Evaluating the Gender Variations in Informal Sector Entrepreneurship: Some Lessons from Brazil
Vol. Volume 18 Number 1 March/2013
Colin C. Williams and Youssef Youssef
The aim of this paper is to evaluate critically the gender variations in informal sector entrepreneurship. Until now, a widely-held belief has been that entrepreneurs operating in the informal sector in developing nations are lowly paid, poorly educated marginalized populations doing so out of necessity as a survival strategy in the absence of alternatives. Reporting an extensive 2003 survey conducted in urban Brazil of informal sector entrepreneurs operating micro-enterprises with five or less employees, the finding is that although less than half of these entrepreneurs are driven out of necessity into entrepreneurial endeavor in the informal economy, women are more commonly necessity-driven entrepreneurs and receive lower incomes from their entrepreneurial endeavor than men despite being better educated. The outcome is a call to recognize how the gender disparities in the wider labor market are mirrored and reinforced by the participation of men and women in the realm of informal sector entrepreneurship.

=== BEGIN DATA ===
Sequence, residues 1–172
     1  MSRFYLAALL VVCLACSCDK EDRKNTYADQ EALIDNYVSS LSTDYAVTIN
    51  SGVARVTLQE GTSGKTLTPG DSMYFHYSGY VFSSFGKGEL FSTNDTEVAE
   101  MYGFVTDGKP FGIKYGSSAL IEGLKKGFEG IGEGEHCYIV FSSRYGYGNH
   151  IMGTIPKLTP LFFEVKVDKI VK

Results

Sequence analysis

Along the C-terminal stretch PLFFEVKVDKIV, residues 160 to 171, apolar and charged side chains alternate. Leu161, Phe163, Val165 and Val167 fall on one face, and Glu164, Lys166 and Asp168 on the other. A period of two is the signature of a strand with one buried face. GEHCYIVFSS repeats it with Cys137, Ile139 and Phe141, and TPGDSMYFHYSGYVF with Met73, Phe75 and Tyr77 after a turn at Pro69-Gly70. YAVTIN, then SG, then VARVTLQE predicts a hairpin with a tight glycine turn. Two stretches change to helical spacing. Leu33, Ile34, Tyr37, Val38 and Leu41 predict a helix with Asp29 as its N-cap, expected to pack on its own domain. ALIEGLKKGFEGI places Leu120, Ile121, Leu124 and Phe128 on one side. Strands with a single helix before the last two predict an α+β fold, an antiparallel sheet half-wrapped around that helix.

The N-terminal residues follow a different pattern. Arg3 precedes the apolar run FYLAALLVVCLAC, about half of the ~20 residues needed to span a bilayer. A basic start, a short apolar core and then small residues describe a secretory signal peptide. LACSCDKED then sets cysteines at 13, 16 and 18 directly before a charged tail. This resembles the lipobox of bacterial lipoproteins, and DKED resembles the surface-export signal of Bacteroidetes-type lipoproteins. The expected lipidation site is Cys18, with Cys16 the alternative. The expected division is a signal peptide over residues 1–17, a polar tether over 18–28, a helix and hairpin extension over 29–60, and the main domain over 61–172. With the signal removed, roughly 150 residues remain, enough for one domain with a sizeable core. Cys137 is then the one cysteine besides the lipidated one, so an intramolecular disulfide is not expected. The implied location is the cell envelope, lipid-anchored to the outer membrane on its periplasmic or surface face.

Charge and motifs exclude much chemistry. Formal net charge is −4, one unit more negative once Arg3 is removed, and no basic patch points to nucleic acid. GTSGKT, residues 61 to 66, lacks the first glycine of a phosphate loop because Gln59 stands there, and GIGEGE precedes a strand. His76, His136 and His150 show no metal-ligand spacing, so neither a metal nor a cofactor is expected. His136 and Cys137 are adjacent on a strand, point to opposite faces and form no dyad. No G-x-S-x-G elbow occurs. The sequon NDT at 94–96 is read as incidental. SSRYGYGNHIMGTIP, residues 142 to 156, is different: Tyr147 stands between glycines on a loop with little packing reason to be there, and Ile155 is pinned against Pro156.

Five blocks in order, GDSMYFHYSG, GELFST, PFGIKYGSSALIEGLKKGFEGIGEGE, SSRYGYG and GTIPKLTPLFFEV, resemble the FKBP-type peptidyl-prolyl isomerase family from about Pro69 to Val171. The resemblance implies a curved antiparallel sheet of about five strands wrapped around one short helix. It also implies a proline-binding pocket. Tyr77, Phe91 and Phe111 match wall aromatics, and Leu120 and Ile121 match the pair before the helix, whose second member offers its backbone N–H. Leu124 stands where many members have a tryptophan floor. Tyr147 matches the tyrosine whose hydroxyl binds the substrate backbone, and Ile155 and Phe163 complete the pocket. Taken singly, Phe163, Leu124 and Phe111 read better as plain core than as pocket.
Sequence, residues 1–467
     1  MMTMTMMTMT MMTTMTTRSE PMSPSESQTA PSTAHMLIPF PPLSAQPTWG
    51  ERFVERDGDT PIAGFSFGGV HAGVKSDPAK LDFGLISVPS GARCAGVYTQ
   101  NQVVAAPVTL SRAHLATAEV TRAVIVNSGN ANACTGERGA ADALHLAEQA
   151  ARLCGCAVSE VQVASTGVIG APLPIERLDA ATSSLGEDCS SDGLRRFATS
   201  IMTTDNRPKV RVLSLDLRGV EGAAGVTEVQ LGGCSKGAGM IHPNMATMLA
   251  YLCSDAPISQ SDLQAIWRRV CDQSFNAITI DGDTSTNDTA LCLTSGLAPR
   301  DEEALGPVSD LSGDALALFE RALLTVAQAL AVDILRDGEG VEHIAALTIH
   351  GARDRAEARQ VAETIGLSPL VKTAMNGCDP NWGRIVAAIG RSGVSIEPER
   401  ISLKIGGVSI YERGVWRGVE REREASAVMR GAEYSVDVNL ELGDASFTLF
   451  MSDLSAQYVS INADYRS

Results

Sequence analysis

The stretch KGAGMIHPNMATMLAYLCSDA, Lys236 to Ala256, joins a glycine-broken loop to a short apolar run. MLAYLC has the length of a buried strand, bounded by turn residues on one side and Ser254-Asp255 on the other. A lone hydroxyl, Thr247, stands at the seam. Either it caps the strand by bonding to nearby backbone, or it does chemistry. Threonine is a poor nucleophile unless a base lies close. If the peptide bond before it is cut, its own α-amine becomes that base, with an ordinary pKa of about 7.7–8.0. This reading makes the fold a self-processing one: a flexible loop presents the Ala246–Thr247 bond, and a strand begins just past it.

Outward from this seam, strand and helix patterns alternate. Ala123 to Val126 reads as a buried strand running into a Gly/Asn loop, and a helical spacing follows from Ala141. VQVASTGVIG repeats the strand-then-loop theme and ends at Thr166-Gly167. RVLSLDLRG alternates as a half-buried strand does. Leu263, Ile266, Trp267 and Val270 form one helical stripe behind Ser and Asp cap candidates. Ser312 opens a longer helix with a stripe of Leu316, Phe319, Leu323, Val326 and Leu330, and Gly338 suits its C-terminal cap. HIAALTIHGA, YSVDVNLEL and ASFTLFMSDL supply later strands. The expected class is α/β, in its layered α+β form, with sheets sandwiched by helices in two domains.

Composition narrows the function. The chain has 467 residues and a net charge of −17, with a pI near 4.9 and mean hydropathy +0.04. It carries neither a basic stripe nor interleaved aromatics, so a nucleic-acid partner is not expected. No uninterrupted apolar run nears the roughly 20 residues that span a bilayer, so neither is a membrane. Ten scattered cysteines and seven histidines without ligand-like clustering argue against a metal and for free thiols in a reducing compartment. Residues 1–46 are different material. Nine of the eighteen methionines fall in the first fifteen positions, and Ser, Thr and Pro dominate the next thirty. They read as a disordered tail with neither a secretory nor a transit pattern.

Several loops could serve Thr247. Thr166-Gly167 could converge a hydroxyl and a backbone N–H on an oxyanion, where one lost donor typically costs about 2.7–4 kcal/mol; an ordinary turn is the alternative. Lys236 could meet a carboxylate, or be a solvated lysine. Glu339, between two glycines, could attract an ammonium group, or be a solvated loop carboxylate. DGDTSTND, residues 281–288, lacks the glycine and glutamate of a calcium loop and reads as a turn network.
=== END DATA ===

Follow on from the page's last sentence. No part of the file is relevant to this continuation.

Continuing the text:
Entrepreneurship; micro-enterprise; women; gender inequalities; small businesses; enterprise culture; informal sector; underground economy; shadow economy; Brazil